When Haydle launched two years ago there were some very specific problems that the product was targeted to solve. There was the fact that much of the knowledge corporations used to operate was tribal, and as such walking out the door every time there was a retirement or staff reassignment. There was the day to day challenge of finding documents within the existing knowledge management ecosystem of CMSs, Wikis, and Intranets. And of course the frustration that existed when the pressure was on and you knew someone in the organization had the info you needed but there was just no way to ask. Those were all important problems in search of solution, but one additional goal for Haydle was to be an example of an interface that was a pleasure to use. Much of the software deployed at enterprise organizations is slow, clunky, ancient or all three. This affects not only employee satisfaction, but slows an organization down at a time when speed is everything. So it was welcome news from SAP that they are hiring more millennials and establishing a series of strategic start-up partnerships intended to improve the user interface of their product.
SAP isn’t the first company to try and get younger in an effort to offset changing customer and employee expectations. The useability limitations of many enterprise software packages are now impacting sales and reducing competitive strength. This is especially true for firms like SAP who are facing the challenge of new and more nimble start-ups who can build better interfaces into their product right from the start. Simple and intuitive are now the standard and young blood seems the clearest path to success. A positive byproduct of these efforts for the big software vendors is the opportunity to sell their prospects in different ways. SAP for example is nurturing development relationships to increase the number of apps available for their Hana platform. These apps will introduce more customer value in a relationship with SAP and set the stage for more innovative solutions.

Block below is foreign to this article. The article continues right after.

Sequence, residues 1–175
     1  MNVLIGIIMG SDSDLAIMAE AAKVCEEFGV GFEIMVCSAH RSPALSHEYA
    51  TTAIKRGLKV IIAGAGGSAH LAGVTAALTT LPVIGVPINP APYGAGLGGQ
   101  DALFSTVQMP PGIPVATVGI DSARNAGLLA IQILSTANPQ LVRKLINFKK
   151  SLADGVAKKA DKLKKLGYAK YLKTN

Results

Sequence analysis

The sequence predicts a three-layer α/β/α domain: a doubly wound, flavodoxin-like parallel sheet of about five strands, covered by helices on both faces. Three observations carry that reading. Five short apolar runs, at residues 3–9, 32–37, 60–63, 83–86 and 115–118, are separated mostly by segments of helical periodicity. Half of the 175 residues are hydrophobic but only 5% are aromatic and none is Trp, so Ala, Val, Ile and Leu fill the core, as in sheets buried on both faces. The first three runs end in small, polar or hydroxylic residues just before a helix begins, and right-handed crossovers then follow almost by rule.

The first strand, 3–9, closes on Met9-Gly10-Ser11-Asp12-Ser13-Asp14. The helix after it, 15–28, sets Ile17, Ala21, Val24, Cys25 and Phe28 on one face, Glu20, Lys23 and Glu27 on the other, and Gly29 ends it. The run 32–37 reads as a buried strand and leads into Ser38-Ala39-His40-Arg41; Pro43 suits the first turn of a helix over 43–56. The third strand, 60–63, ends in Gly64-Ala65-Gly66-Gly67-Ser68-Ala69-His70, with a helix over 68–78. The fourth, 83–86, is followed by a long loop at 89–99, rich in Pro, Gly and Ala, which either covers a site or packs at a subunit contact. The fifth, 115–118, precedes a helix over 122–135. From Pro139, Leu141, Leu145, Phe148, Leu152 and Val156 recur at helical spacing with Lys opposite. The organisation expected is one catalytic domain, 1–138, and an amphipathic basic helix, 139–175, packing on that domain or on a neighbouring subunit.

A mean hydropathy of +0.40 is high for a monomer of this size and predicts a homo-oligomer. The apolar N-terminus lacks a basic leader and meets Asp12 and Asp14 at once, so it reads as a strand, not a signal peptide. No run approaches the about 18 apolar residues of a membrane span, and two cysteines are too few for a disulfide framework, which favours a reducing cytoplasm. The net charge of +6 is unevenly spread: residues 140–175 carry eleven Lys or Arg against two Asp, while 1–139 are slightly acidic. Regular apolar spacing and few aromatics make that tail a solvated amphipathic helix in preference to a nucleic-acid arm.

So, does the useability of enterprise software really matter? It appears the answer is finally, yes! It took the pressure of a marketplace that demands high levels of user adoption, faster deployment success, and an increasing focus on employee satisfaction to make it a reality. Customers, employees and the bottom line will all share in the outcome.